In the early hours of 3 October 1943, 40 RM Commando (Lieutenant Colonel J C Manners) with No 3 Commando and elements of the Special Raiding Squadron landed under cover of darkness at Termoli, a seaport town on the Adriatic coast, north of the River Bifurno and behind the German lines, 40 Commando penetrated well into the town before the enemy were alerted and brisk close-quarter fighting with German parachute troops ensued. By 0800 hours, 40 Commando had captured the town and controlled the approaches. So complete was the surprise that German vehicles and motor cyclists still drove into a Commando ambush position until noon. The Germans retaliated in strength and 40 Commando with 3 Commando, the Special Raiding Squadron and some reinforcements from the 78th Division, held off repeated and heavy infantry and armoured counter-attacks by the 26th Panzer Division until eventually the 8th Army linked up with them on 6 October. The operation was an outstanding success. They had overcome all attempts, by a force vastly superior in numbers an armament, to dislodge them and in so doing, won a valuable harbour; they caused the enemy to withdraw from the natural defence line on the Bifurno and denied them the use of the important lateral road from Naples, thereby forcing them to retreat further northwards.

    40 Commando RM - The Assault on Port Said - 6 November 1956
    In the summer of 1956 President Nasser of Egypt nationlized the Suez Canal. The British and French Governments subsequently decided to reoccupy the Canal zone and 3 Commando Brigade was nominated to spearhead the amphibious assault. At dawn on 6 November 1956, 40 Commando RM (Lieutenant Colonel D G Tweed MBE), together with 42 Commando on their right, supported by Naval bombardment and with close air support, landed across the beaches at Port Said. Its task was to recapture the main part of the town, the government offices and the docks area. Heavy street fighting followed all day down narrow alleys and through high tenement blocks, all under constant enemy sniping. With determination, military skill and superb junior leadership, all the Commando's objectives were seized before a cease-fire was ordered later that day. This was the first major seaborne assault since the Second World War and 40 Commando played a significant part in this entirely successful phase of the operation.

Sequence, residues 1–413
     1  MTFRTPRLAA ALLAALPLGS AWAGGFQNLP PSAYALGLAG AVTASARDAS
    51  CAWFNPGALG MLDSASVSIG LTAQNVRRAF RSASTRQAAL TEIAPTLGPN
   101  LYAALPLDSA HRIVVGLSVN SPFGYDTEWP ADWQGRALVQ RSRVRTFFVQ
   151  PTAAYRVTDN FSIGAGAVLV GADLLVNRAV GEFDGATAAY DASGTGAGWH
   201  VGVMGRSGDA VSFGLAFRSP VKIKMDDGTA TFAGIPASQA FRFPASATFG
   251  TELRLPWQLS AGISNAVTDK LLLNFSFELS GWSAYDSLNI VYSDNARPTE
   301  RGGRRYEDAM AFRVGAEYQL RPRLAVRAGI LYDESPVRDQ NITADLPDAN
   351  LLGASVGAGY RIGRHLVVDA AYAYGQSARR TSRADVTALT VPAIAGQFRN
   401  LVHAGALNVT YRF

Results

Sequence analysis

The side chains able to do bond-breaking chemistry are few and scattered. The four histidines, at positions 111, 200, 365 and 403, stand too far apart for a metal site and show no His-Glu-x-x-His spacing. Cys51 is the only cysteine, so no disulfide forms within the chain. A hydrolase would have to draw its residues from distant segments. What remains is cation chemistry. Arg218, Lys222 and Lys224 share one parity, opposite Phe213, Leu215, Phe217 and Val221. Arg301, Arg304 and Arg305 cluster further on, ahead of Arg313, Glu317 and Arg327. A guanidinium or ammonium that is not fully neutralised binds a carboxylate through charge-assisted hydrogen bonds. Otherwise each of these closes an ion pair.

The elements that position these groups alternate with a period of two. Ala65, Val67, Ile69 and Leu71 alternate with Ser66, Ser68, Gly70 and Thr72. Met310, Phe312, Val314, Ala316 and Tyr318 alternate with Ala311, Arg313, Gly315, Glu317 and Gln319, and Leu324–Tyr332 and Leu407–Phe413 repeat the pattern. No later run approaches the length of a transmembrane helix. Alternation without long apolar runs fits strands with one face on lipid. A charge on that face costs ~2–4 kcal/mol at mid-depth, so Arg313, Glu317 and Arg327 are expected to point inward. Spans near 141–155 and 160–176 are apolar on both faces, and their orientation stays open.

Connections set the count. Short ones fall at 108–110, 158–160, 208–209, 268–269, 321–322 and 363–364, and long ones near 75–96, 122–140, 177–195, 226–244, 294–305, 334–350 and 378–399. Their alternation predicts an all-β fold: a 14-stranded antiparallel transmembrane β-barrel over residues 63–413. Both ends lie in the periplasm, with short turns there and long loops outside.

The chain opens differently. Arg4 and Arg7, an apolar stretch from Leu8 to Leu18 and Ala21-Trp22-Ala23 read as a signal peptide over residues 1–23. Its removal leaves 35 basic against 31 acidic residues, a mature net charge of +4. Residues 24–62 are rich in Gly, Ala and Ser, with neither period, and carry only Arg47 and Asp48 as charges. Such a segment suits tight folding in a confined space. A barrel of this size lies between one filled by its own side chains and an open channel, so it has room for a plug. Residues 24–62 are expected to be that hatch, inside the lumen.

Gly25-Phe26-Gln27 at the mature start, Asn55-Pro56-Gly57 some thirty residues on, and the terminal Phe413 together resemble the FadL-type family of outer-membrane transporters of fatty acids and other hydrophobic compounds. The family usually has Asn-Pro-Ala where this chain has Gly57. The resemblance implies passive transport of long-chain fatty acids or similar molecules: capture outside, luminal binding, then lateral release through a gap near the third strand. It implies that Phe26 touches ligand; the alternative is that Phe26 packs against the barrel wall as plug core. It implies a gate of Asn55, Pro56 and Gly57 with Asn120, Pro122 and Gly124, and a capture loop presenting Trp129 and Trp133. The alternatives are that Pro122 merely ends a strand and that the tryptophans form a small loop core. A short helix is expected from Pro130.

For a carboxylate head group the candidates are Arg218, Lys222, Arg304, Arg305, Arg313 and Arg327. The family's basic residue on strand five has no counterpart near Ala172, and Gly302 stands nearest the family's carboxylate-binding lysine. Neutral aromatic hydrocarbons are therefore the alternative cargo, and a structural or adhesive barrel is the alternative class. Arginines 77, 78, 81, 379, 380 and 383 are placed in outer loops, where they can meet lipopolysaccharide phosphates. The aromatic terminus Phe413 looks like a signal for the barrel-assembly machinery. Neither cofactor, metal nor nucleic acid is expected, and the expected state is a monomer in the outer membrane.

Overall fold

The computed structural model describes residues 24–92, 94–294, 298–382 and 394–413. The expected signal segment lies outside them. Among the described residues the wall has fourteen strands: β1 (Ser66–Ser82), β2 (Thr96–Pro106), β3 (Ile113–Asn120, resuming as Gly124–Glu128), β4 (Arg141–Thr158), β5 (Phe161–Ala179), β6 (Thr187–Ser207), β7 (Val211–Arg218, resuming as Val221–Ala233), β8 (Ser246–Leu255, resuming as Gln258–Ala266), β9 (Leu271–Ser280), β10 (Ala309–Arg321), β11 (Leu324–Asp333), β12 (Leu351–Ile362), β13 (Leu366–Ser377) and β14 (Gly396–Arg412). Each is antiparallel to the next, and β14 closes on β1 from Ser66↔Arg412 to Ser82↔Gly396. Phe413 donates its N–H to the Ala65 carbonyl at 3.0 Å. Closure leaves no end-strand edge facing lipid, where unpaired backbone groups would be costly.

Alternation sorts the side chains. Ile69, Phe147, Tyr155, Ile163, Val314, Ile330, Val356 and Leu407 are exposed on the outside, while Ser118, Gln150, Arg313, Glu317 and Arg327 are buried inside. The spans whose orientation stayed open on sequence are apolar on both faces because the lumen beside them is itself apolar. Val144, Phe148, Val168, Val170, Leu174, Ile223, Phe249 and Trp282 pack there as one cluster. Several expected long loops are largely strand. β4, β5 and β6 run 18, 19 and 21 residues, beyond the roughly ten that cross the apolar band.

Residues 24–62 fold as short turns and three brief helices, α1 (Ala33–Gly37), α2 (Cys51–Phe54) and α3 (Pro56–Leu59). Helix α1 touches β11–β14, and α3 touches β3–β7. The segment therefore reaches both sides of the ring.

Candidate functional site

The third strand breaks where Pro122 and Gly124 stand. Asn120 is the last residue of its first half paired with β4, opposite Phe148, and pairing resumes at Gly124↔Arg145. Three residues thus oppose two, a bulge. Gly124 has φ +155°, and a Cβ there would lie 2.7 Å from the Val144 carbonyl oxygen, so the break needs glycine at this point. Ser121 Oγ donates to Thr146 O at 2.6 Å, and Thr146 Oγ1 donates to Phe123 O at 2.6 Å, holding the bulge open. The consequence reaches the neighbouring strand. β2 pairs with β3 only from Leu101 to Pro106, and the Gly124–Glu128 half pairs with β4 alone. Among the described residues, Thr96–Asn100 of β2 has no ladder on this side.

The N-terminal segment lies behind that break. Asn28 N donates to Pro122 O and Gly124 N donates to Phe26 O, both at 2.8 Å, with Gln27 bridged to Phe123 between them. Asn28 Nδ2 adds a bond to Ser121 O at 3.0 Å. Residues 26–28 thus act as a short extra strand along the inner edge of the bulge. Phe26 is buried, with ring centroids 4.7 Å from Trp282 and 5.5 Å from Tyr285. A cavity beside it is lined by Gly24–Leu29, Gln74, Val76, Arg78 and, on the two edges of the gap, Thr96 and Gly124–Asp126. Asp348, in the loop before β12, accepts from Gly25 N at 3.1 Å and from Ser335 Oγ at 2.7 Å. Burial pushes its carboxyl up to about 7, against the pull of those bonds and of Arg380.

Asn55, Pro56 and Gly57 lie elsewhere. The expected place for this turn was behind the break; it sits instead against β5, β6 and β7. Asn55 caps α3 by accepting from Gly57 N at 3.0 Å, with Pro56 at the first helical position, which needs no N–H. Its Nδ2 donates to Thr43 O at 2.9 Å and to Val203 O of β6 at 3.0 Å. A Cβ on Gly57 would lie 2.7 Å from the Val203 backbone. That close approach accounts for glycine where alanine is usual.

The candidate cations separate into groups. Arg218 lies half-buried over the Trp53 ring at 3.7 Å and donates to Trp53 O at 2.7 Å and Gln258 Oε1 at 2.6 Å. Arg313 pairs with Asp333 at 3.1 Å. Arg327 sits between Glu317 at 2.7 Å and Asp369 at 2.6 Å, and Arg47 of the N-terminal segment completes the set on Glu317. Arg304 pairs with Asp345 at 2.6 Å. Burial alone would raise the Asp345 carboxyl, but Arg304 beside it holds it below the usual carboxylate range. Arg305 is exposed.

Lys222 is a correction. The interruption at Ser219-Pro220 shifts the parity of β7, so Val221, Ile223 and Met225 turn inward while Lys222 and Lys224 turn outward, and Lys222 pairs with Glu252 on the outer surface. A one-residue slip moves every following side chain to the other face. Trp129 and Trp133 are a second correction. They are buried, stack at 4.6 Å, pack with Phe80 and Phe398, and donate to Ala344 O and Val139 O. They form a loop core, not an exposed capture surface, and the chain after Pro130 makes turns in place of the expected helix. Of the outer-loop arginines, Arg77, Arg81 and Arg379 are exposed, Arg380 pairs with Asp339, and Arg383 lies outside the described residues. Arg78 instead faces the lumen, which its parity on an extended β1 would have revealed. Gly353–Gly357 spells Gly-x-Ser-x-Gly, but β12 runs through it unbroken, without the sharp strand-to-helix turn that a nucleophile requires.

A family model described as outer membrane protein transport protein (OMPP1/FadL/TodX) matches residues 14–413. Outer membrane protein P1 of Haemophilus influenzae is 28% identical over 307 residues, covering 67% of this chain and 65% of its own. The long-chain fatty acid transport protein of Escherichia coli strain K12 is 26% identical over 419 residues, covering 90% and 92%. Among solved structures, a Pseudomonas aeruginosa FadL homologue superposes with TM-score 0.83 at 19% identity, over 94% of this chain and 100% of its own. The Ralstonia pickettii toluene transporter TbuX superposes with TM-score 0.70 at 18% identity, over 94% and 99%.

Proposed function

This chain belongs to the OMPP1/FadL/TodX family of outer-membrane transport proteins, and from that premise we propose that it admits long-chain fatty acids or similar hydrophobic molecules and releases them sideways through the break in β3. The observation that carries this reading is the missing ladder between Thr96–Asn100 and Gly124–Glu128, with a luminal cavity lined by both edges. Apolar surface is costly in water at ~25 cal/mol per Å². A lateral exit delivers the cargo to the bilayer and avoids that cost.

42 Commando RM - The Battle of Kangaw - 31 January 1945
    In Burma during January 1945, following the capture of the Myebon Peninsula, 3 Command Brigade was given the task of making a further landing near Kangaw, with the intention of cutting the Japanese lines of withdrawal down the coast. On 22 January 1945, 42 RM Commando (Lieutenant Colonel H H Dales) together with No 1 Commando landed and occupied positions in the mangrove swamp. Subsequently the Commando was ordered to capture a heavily wooded ridge known as Hill 170. Two days of hand-to-hand fighting were necessary before the Japanese could be driven from the ridge, and no sooner were they dislodged than they subjected it to heavy artillery fire. After a lull of several days, the Japanese counter-attacked at dawn on 31 January 1945. The enemy attacked repeatedly. In spite of heavy casualties to the Commando, the Japanese were finally beaten off, and withdrew, leaving their dead dying among forward Commando positions. In a Special Order of the Day to 3 Commando Brigade, Lieutenant General Sir Philip Christison, Commander of XV Corps, concluded "The Battle of Kangaw has been the decisive battle of the whole Arakan campaign, and that it was won was very largely due to your magnificent defence on Hill 170".

    42 Command RM - The Attack on Mount Harriet - 11/12 June 1982